Normal 0

false false false

MicrosoftInternetExplorer4

st1:*{behavior:url(#ieooui) }

/* Style Definitions */ table.MsoNormalTable {mso-style-name:”Table Normal”; mso-tstyle-rowband-size:0; mso-tstyle-colband-size:0; mso-style-noshow:yes; mso-style-parent:””; mso-padding-alt:0cm 5.4pt 0cm 5.4pt; mso-para-margin:0cm; mso-para-margin-bottom:.0001pt; mso-pagination:widow-orphan; font-size:10.0pt; font-family:”Times New Roman”; mso-ansi-language:#0400; mso-fareast-language:#0400; mso-bidi-language:#0400;}

Despite the hype by some commentators that today’s market constitutes a ‘Black Swan’, the fall in equities markets experienced in the past year is well within normal expectations, according to Harry Markowitz. Asked by Investment & Technology recently to discuss the latest market disruption, the father of modern portfolio theory was quick to make a distinction between his work and the financial engineering for which he blames the crisis. “Portfolio theory is top down asset allocation with money allocated to professional funds managers; while financial engineering is structured products, which has led to a lot of highly leveraged products,” he said.

“The S&P500 went down 28 per cent in 2008, which is between a 2 and 2.5 standard deviation event and completely within the normal distribution, it is not a Black Swan, which is about eight standard deviations.” The current government intervention in markets and companies is a sore point, and he calls the bailout by the US government “silly”, believing instead that markets should be left to their own devices. According to Markowitz this financial crisis is the result of two major forces.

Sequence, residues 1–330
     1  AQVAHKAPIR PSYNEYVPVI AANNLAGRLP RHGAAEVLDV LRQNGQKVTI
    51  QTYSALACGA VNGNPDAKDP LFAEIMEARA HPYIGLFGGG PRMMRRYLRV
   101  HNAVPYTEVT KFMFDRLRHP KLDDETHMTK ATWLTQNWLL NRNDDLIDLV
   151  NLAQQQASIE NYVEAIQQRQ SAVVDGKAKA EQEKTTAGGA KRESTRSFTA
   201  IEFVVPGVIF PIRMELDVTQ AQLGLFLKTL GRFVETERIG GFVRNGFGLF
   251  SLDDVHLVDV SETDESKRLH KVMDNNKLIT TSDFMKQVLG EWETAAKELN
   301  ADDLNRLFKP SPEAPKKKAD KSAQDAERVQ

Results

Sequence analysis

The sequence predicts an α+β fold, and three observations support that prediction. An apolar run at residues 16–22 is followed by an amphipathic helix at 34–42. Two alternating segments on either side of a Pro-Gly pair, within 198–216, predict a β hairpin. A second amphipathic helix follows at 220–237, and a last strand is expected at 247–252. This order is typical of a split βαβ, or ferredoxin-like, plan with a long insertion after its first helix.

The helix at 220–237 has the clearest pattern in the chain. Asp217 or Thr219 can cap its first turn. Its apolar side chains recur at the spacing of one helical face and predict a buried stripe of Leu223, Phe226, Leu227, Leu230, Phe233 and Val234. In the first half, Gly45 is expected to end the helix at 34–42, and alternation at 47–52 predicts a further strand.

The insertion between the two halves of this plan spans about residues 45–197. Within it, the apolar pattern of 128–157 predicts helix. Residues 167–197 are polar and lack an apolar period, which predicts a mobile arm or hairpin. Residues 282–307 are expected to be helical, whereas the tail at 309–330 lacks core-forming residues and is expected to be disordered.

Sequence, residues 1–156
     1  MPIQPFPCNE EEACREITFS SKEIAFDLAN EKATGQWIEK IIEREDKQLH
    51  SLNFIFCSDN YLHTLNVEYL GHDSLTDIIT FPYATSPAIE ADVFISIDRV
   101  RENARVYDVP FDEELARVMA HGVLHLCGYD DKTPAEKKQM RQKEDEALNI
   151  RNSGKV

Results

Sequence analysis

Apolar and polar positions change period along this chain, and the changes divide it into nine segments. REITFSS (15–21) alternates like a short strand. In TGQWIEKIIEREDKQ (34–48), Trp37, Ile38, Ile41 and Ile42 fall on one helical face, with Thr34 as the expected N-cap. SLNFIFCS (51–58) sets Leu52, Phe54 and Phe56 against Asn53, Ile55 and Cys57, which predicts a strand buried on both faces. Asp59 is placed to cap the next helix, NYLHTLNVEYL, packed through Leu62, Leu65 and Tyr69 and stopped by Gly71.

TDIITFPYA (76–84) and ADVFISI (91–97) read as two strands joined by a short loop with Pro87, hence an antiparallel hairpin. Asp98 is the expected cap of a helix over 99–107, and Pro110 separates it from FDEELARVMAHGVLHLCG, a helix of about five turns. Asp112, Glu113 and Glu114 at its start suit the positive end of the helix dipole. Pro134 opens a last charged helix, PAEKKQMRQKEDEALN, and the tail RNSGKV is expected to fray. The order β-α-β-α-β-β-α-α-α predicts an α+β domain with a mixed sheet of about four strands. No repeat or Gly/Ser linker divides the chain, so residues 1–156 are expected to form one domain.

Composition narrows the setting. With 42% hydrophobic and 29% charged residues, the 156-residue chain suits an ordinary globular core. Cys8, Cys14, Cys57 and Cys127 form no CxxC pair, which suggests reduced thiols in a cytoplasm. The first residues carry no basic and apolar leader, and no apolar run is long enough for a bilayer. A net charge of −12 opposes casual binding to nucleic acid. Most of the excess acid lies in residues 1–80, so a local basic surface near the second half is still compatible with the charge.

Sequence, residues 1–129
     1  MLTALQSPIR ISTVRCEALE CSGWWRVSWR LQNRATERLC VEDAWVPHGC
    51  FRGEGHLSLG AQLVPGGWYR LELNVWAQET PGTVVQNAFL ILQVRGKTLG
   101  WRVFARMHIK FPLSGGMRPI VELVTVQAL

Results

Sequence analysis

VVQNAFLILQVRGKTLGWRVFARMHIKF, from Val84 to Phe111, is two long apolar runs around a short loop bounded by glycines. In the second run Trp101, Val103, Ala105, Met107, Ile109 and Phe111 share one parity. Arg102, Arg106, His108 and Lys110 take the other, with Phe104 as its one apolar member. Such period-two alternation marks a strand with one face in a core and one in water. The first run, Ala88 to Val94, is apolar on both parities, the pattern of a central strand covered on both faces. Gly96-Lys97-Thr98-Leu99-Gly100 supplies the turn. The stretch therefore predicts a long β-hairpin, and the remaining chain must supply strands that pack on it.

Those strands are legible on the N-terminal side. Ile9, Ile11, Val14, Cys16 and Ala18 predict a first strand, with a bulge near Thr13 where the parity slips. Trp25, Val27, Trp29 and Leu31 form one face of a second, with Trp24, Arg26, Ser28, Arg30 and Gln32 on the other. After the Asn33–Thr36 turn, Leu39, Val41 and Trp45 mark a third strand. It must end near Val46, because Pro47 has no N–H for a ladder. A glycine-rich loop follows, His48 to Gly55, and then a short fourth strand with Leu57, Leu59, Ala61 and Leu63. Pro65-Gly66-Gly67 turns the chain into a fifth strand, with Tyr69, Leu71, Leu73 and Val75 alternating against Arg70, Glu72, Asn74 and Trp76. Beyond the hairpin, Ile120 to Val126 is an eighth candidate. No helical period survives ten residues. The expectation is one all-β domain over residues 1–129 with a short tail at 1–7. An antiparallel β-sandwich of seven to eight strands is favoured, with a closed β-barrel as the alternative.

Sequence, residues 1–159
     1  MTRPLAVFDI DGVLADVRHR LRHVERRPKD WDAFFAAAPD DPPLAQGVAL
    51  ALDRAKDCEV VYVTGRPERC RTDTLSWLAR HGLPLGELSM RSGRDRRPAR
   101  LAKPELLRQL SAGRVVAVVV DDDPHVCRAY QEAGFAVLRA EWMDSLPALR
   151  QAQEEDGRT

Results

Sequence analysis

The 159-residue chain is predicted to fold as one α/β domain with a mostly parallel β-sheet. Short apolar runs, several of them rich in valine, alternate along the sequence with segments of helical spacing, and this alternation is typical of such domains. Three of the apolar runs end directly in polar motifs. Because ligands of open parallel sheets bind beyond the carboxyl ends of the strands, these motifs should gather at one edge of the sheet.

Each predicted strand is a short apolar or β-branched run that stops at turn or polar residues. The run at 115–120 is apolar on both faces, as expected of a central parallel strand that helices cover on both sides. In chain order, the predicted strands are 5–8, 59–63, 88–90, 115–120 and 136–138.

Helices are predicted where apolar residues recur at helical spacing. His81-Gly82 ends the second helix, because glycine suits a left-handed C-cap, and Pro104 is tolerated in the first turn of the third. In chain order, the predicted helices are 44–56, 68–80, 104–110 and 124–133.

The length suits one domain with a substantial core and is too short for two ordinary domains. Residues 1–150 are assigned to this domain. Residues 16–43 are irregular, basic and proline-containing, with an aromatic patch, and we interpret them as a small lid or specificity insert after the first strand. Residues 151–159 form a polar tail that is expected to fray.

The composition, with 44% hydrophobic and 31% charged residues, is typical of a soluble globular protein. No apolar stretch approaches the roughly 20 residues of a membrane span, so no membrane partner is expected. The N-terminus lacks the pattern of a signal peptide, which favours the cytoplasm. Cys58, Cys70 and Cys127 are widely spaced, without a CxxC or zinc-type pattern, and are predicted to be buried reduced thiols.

“Back in 1999 Congress passed laws and put pressure on Fannie Mae to accommodate low-cost housing, they basically mandated the sub prime mortgages. This combined with financial engineering – CMOs, CDOs etc – contributed to the financial crisis. Modern Portfolio Theory completely holds up,” he said, warning institutions to stick by their long-term asset allocation. Markowitz supports the asset allocation of the larger endowments, and more pertinently their refusal to tinker with them to pander to short-run criticism. Indeed he even named David Swensen, chief investment officer of Yale endowment, as his idol.

Markowitz met Swensen for the first time in March, and his fandom was no doubt a comfort for the endowment pioneer, given the recent flak directed at his style of investing, which for instance has no exposure to US Treasury bonds. Markowitz admits the endowmentstyle investment model is not for everyone. “Swensen says you have to have 25 to 30 professionals looking into private placements, if you don’t have the time and skill to do that then stay away from it,” he said. Being a mathematician, Markowitz is an advocate of ETFs. However, he added :“I ran an arbitrage fund for about three years in the 1970s before everyone was doing it, and there are times that certain arbitrages work,” he said.

Leave a comment